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University of Southern California

1. Singhal, Saurabh. Essays in political economy and mechanism design.

Degree: PhD, Economics, 2013, University of Southern California

This dissertation is a two-part investigation on political economy and mechanism design. In the first essay we estimate the economic effects of a counterinsurgency policy using the Naxalite insurgency in India as a case study. While there exists a substantial literature looking at the relationship between insurgency and economic growth, the economic effects of counterinsurgency policies remain underexplored. Using the synthetic control method of analysis (a recently developed generalization of the difference-in-difference methodology), we provide the first measurements of the direct economic benefits of a unique robust security response to an insurgency. Of all the states affected by Naxalite violence in India, only one state i.e. Andhra Pradesh raised a specially trained and equipped police force in 1989 known as the Greyhounds, dedicated to combating the Naxalite insurgency. Compared to a synthetic control region constructed from states affected by Naxalite violence that did not raise a specially trained anti-Naxalite police force, we find that Andhra Pradesh gained on average 16.11% of its per capita NSDP over the period 1989 to 2000. Interestingly, we find that these effects come through the various sub-sectors of the non-agricultural sector. The effects on the manufacturing sector and its sub-components (registered and unregistered manufacturing) are particularly strong and range from 20%-26%. Placebo tests indicate that all results are significant. Conventional difference-in-difference specifications using state and industry level panel data further corroborate these findings. ❧ In the second essay we study in the laboratory a variant of the house allocation with existing tenants problem where (i) subjects are partitioned into tiers with hierarchical privileges, (ii) they play multiple matches, and (iii) they know their position in the priority queue before making their decision. We evaluate the performance of the modified versions of three well-known mechanisms: Top Trading Cycle, Gale-Shapley and Random Serial Dictatorship with Squatting Rights. For all three mechanisms, we find low rates of participation (around 40%), high rates of truth-telling conditional on participation (around 90%), high proportions of fair allocations (above 90%) and significant efficiency losses. We also observe differences across mechanisms: Random Serial Dictatorship is ranked highest in efficiency and Top Trading Cycle is ranked lowest in fairness. We then show that position in the queue has a positive and significant impact on participation whereas experience and tier has little effect on behavior. Finally, the individual analysis reveals that the majority of subjects who do not play according to the theory still follow discernible patterns of participation and preference revelation. Advisors/Committee Members: Carrillo, Juan D.Strauss, John A. (Committee Chair), Nugent, Jeffrey B. (Committee Member), Banerjee, Tridib K. (Committee Member).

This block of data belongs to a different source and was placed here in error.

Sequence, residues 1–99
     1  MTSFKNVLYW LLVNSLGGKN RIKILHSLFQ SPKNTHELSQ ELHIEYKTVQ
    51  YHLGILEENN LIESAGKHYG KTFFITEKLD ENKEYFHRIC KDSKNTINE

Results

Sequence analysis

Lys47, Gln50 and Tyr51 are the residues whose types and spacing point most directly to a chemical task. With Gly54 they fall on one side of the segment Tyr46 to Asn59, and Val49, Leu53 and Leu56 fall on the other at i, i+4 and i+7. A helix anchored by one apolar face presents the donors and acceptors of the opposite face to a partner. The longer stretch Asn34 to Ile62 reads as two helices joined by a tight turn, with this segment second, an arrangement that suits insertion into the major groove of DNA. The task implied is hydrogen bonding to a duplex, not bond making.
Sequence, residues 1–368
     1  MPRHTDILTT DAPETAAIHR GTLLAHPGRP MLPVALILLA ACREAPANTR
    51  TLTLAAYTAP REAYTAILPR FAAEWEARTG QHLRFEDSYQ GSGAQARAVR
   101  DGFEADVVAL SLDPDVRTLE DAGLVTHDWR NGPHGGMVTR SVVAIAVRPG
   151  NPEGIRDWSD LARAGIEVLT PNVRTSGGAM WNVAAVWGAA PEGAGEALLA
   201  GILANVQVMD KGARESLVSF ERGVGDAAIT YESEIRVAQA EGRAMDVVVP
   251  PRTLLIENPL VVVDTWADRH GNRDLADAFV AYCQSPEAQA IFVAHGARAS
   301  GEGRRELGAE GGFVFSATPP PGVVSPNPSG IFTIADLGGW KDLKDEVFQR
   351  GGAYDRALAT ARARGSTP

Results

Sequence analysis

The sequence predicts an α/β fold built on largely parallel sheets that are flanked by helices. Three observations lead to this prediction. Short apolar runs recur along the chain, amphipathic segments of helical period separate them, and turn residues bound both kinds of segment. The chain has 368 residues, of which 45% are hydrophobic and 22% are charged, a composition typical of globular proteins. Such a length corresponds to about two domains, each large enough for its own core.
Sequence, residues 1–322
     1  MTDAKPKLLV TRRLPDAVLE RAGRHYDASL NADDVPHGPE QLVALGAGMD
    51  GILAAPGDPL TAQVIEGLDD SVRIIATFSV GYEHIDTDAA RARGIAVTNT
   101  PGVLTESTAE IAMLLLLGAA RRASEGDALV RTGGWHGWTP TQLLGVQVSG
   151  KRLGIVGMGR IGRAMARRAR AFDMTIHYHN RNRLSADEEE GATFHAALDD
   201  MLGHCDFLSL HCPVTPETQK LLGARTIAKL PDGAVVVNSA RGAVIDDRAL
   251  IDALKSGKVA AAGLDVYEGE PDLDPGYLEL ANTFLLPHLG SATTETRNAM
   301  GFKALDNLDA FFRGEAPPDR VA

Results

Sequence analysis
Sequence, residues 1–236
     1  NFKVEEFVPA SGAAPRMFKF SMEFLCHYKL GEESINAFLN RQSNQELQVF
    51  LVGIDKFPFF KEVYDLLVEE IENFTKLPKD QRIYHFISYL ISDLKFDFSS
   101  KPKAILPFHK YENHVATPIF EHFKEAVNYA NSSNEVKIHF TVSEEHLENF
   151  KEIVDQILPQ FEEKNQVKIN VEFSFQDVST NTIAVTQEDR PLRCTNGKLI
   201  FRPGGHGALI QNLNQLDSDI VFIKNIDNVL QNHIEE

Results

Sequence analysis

Subjects/Keywords: political economy; experimental economics; conflict; matching

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APA (6th Edition):

Singhal, S. (2013). Essays in political economy and mechanism design. (Doctoral Dissertation). University of Southern California. Retrieved from

Chicago Manual of Style (16th Edition):

Singhal, Saurabh. “Essays in political economy and mechanism design.” 2013. Doctoral Dissertation, University of Southern California. Accessed November 27, 2020.

MLA Handbook (7th Edition):

Singhal, Saurabh. “Essays in political economy and mechanism design.” 2013. Web. 27 Nov 2020.


Singhal S. Essays in political economy and mechanism design. [Internet] [Doctoral dissertation]. University of Southern California; 2013. [cited 2020 Nov 27]. Available from:

Council of Science Editors:

Singhal S. Essays in political economy and mechanism design. [Doctoral Dissertation]. University of Southern California; 2013. Available from: